Reverence for the golden age of hip-hop is in flux. As music creation and proliferation has become increasingly digital, save for a few brick and mortar CD and vinyl strongholds, the barrier for entry has lowered, ushering in changes to artistic inspiration within the genre. Turntabling and record sampling has moved away from the hectic and layered compositions from groups like Public Enemy and NWA, thanks in part to industry crackdown on artistic attribution and proper music licensing.
Belles in Monica throws these rules out the window on their latest release, Natsukashii – Lazarus Vol. 2. The 8-track outing (10 if you include a pair of instrumentals), which features a mixture of new cuts interspersed through some of their remastered hits, explicitly mourns the death of old-school hip-hop, highlighted by the Kanji 死 (read “shi”) on the cover and the pervasive dark imagery accompanying cuts like “Smoke Filled Rooms” and “Hell’s Gain”.
At the same time, Natsukashii (natively written 懐かしい) reminisces on the art form before its commercialization. Released on June 7, the album is the first offering from New Dawn Records in 15 years. Appropriately, the track list is an antique shop of beats and bars that both speaks to a bygone era and adds a hint of color to modern hip-hop. “These were happier times, parties out in the streets/ neighborhood buildings shook to the powerful beat,” Kruze raps on “Hip-Hop”. Though Belles in Monica are native to Glasgow, their glorification of hip-hop’s patented block parties paints a New York City backdrop some 3,000 miles away.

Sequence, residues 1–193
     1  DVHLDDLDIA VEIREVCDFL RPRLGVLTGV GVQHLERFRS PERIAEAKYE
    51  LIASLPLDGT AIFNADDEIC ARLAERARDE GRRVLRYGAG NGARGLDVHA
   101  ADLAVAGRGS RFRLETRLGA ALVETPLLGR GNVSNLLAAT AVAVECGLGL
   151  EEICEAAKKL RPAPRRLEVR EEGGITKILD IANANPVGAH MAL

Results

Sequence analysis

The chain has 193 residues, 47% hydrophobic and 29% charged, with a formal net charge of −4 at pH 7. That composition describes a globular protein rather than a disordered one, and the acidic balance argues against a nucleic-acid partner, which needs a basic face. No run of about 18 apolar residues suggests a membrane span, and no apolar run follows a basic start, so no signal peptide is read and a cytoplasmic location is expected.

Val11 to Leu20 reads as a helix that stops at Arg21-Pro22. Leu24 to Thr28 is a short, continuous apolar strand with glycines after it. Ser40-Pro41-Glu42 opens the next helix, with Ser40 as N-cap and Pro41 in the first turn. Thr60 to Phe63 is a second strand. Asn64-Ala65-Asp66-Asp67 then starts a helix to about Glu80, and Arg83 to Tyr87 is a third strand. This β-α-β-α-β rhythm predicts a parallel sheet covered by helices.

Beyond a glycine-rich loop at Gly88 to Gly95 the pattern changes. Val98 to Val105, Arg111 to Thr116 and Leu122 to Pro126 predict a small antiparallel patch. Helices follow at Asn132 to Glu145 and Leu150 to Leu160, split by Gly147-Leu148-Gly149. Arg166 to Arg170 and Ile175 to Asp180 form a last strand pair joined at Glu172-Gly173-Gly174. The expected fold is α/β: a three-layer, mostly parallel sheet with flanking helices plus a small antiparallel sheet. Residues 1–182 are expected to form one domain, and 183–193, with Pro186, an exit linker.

Respect for the craft comes at a cost. Belles veneration for hip-hop presents the album’s biggest struggle: the vocal mixing. Occasionally, Kruze’s insightful lyrics are shoved to the background. Natsukashii becomes a project that thematically could sit next to EPMD’s Unfinished Business in a record store but is at times outclassed in the realm of sonic fidelity.
At its core, Natsukashii leads hip-hop back to an infatuation with crate digging and away from a need for mass appeal. Belles in Monica continues an international push that sees artists still loading up their backpacks with paint cans and shuffling down the street with cardboard dance floors.